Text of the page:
Wednesday, May 6, 2015

Show Me the Money! (Part 2)

     We last left the poor beggar winging his way to heaven, where he now resides, at Abraham's side.  Abraham is the father of the Jewish nation.  Abraham, a pagan, heard God's voice.  He followed in faith and it was "credited to him as righteousness."  He became the founder of the Jewish people, and he stands tall in the Hall of Faith.
    So, a beggar, unnoticed in life, is given an honored place with Abraham after his death.  Jesus doesn't add any more detail here--being seated next to Abraham is enough.
    Jesus immediately switches to the rich man.  He dies and goes to his reward:  Hell.
    No sugarcoating here:  a man who lived for himself, whose money was his god, and whose life was spent in material pursuits finds a different set of values in the afterlife.  As Jesus explains in another passage: "But Jesus called them to Himself and said, 'You know that the rulers of the Gentiles lord it over them, and their great men exercise authority over them. It is not this way among you, but whoever wishes to become great among you shall be your servant, and whoever wishes to be first among you shall be your slave…" (Matt. 20:26)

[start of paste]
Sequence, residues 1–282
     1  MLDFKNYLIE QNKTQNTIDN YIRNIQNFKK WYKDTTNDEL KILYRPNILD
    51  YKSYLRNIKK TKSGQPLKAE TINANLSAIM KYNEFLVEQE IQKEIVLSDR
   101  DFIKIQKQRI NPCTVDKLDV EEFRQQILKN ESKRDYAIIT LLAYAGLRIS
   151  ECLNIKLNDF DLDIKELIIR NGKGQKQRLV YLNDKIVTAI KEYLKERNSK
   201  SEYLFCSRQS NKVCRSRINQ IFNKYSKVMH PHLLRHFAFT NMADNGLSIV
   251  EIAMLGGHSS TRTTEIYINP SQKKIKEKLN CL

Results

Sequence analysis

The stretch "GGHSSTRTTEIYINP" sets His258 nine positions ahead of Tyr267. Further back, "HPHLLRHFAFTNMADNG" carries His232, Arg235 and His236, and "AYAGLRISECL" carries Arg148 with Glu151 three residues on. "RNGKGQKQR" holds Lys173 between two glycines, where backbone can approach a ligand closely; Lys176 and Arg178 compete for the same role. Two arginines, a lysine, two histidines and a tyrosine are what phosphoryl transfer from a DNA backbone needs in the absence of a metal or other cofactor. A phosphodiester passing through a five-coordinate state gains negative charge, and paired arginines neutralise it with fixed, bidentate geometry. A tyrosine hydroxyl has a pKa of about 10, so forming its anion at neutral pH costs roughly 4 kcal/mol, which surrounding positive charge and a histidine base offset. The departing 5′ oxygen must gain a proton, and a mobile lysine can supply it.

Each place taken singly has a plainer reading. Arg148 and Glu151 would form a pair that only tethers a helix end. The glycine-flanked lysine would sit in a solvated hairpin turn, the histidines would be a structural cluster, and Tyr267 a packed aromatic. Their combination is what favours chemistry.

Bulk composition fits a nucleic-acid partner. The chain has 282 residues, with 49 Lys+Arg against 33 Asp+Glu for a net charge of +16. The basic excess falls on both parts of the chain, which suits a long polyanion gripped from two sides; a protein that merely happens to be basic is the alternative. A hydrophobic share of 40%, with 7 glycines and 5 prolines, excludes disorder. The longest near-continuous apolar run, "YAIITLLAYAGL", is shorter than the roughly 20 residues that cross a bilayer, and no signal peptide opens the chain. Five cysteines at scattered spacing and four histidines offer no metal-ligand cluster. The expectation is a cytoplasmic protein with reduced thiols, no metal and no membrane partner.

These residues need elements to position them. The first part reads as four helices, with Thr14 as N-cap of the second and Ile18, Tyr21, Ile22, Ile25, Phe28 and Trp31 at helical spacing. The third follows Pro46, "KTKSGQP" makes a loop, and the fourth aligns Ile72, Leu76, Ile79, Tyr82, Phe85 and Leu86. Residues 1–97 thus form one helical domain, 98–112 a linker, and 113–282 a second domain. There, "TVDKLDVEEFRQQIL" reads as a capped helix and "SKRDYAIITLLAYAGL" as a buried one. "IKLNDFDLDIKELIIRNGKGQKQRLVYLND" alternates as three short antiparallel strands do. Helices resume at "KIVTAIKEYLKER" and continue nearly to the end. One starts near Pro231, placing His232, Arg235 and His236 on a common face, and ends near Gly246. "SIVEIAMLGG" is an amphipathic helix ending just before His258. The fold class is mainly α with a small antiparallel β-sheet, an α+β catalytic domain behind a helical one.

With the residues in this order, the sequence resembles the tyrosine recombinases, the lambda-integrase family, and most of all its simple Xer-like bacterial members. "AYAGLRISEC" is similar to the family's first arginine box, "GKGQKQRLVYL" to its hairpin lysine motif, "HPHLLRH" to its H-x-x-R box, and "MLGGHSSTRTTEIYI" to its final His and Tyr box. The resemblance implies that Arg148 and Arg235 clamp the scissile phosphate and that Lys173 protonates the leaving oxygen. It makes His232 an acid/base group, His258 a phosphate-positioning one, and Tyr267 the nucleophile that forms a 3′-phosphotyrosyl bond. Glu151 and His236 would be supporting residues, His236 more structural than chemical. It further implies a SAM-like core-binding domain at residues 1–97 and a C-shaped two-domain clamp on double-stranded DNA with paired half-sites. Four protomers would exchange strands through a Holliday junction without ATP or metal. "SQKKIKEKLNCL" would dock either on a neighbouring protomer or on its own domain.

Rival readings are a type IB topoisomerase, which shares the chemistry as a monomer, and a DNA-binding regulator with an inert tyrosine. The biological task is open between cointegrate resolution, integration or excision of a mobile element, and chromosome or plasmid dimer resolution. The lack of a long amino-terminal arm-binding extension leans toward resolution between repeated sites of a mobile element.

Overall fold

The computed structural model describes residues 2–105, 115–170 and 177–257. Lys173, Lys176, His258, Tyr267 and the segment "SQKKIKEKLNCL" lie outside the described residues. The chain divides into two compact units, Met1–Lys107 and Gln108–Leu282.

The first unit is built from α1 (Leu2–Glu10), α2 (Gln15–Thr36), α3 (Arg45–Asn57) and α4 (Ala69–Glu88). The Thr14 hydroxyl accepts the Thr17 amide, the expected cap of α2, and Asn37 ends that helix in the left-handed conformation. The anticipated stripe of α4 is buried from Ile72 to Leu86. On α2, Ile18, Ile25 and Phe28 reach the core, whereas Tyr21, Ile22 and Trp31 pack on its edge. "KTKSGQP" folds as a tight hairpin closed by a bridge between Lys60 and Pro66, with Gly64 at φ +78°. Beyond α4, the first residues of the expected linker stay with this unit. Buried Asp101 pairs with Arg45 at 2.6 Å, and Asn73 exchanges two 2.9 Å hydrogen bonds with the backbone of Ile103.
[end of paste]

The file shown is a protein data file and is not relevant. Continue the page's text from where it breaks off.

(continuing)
The Kingdom of God is a reflection of God's rule, on Earth as well as in Heaven.  So, if you want to be a leader, you must lead with love.  If you desire to be first, you must allow others to go before you.
     This is the Kingdom way.
     This is His way.
     Why?  His way is an antidote to our pride, which needs little encouragement.  Our sinful nature is all too ready to jump in, demand more and have the best of everything.
     Sounds like our rich man, huh?
     So, our rich man, now residing in hell, sees Lazarus far away, next to Abraham.
     Now, the rich man calls out:  "Father Abraham, have pity on me and send Lazarus to dip the tip of his finger in water and cool my tongue, because I am in agony in this fire."
     Hmmm...interesting.  A man who could not have been bothered to relieve suffering in his lifetime, now requests relief for his suffering.
     "But Abraham replied, 'Son, remember that in your lifetime you received your good things, while Lazarus received bad things, but now he is comforted here and you are in agony."